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SWIC dean says cybersecurity effort places region in important realm

Year in Review 2015: Southwestern Illinois
SWIC dean says cybersecurity effort places region in important realm

    Dr. Janet Fontenot, dean of the business division at Southwestern Illinois College, says the new Midwest Cyber Center for Excellence places the region in the middle of one of the biggest challenges of the modern age.
    The center, formed this past year as a result of a push led by Leadership Council Southwestern Illinois, is still in a formative period, but the coming year should bring a new executive director as well as partners who will jointly build resources to confront the growing cybersecurity concern.
    The genesis for the center came more than a year ago when the U.S. Air Force announced it planned to activate new cyber-readiness squadrons at Scott Air Force Base. Leadership Council approached the Air Force about exploring related entrepreneurial possibilities.
    “The Leadership Council recognized very quickly that this is going to be something bigger than just a Department of Defense initiative. The whole issue of cybersecurity touches many more industries that just (military). Look what happened with Target, Schnucks (and other companies where security has been breached). This is a national concern, not just a regional concern,” Fontenot said.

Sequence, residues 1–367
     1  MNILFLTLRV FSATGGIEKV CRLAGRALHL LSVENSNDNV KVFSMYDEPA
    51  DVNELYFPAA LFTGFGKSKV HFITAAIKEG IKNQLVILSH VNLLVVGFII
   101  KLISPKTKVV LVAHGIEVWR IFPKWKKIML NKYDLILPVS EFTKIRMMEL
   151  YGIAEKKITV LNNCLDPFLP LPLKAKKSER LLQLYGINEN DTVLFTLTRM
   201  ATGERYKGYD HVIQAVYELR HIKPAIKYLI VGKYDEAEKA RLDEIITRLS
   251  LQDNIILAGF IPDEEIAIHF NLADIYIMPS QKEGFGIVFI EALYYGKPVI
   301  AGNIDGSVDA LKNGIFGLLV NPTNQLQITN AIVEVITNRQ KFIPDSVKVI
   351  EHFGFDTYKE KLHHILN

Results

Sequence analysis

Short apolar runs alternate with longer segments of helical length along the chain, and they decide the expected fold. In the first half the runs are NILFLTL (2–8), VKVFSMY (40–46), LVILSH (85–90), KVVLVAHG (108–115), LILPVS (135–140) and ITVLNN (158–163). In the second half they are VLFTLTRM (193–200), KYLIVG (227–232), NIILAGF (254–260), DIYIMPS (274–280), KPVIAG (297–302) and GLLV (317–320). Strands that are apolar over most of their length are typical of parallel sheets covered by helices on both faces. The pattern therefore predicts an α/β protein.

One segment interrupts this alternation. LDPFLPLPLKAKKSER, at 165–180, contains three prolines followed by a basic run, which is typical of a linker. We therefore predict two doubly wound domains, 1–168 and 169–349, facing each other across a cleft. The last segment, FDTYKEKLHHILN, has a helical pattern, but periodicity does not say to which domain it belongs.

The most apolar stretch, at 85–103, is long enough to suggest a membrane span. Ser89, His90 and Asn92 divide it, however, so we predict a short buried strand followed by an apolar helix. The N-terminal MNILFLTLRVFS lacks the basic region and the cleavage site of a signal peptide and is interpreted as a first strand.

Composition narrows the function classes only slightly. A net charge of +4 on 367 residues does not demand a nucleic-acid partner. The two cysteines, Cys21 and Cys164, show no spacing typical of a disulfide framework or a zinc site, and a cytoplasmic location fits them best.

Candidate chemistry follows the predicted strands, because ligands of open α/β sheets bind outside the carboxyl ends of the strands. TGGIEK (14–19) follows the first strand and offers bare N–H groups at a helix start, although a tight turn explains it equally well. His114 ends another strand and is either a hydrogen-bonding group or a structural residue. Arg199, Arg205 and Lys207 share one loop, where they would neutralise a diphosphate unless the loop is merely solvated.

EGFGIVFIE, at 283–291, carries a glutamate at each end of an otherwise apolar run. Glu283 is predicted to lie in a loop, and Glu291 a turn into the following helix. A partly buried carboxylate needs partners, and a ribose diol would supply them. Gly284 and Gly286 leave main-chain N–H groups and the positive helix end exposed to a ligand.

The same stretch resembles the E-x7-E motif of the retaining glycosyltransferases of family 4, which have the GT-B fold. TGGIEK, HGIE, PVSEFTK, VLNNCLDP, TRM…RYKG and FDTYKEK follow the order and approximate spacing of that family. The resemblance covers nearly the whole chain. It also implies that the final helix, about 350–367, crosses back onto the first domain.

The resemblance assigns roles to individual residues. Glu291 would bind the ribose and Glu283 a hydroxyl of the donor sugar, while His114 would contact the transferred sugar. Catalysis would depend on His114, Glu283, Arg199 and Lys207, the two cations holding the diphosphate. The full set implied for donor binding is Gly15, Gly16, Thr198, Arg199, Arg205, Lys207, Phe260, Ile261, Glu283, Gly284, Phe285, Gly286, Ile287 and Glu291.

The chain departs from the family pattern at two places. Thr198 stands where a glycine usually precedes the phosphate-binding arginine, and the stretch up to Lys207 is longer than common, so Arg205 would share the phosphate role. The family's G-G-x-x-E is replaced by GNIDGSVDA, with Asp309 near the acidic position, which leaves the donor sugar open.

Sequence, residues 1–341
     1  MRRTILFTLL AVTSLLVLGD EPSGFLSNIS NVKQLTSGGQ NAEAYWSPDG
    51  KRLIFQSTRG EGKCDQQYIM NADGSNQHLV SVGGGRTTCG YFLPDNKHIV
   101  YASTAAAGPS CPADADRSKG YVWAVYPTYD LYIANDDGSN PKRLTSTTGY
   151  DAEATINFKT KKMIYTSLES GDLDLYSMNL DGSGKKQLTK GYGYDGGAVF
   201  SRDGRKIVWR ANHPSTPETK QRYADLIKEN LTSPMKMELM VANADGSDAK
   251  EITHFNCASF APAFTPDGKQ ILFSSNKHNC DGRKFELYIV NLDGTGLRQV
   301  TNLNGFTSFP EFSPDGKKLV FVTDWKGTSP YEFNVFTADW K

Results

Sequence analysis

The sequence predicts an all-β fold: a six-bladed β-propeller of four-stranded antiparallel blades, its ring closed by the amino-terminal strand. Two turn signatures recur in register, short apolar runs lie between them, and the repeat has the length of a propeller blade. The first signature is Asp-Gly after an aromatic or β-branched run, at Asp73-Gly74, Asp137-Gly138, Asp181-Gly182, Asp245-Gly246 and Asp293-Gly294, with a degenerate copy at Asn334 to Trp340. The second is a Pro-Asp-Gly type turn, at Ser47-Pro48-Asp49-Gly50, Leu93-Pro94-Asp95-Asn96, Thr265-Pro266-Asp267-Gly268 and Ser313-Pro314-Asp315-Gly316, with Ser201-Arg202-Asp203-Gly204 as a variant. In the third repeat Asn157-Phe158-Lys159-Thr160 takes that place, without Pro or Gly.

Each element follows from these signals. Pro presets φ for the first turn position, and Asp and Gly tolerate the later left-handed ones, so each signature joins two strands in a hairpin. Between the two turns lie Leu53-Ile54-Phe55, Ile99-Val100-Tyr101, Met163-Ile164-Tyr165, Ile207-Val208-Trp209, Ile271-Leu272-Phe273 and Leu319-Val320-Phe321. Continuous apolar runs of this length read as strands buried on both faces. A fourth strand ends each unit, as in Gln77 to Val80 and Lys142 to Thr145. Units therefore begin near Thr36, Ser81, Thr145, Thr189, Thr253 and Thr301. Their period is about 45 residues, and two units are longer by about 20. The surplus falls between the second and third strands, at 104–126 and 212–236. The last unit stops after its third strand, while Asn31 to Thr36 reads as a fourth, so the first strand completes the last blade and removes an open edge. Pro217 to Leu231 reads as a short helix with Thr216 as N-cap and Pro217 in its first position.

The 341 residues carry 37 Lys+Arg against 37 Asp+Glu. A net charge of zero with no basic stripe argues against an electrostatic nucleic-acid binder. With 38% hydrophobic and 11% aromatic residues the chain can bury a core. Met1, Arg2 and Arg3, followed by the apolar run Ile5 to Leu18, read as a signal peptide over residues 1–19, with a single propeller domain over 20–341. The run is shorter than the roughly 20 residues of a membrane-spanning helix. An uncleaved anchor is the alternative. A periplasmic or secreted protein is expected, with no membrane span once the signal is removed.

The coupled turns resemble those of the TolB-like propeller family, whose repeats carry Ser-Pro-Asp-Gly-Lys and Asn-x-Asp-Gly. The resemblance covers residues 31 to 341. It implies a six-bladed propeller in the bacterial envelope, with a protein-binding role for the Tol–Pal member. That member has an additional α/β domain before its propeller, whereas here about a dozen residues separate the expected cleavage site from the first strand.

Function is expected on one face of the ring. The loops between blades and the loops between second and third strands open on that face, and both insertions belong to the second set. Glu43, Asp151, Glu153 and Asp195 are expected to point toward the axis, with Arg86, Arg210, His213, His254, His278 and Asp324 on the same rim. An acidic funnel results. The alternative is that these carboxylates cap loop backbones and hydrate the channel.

Fontenot is among a handful of people brought together by Leadership Council to serve on a board guiding the first steps taken by the Center for Excellence. Others include Dr. Tom Johnson of Webster University, Mike Riley, president of the Leadership Council, and Jason Carter, president of Aegis Strategies, LLC, a government contractor located next to Scott AFB.
    Carter’s participation is crucial, Fontenot said. Aegis has formed a nonprofit group that serves as an umbrella organization for the center and has pledged money toward the salary of an executive director for the first two years. The center is being housed in Aegis’ headquarters on Seibert Road in O’Fallon.
    SWIC already has an associate’s degree in network design and administration and a Cybersecurity Certificate. And it plans a needs assessment to see what other coursework could be added. It also has the talent of grant writers, communications people and faculty that can be applied, she said.
    The center will have a facilitative role, not necessarily providing the manpower or a direct solution but helping find resources for business, government, health care and others. Its primary focus is workforce development, first in relation to the cyber efforts at Scott, then in relation to the many other cyber-intensive industries operating across the St. Louis region. Cybersecurity touches on many areas of expertise, including programmers, communications, social media, and the STEM sciences.
    At press time, the board was in the process of selecting an executive director. The next year will then be spent on formulating an agenda and finding partners and sponsors who can help make the center self-sustaining.

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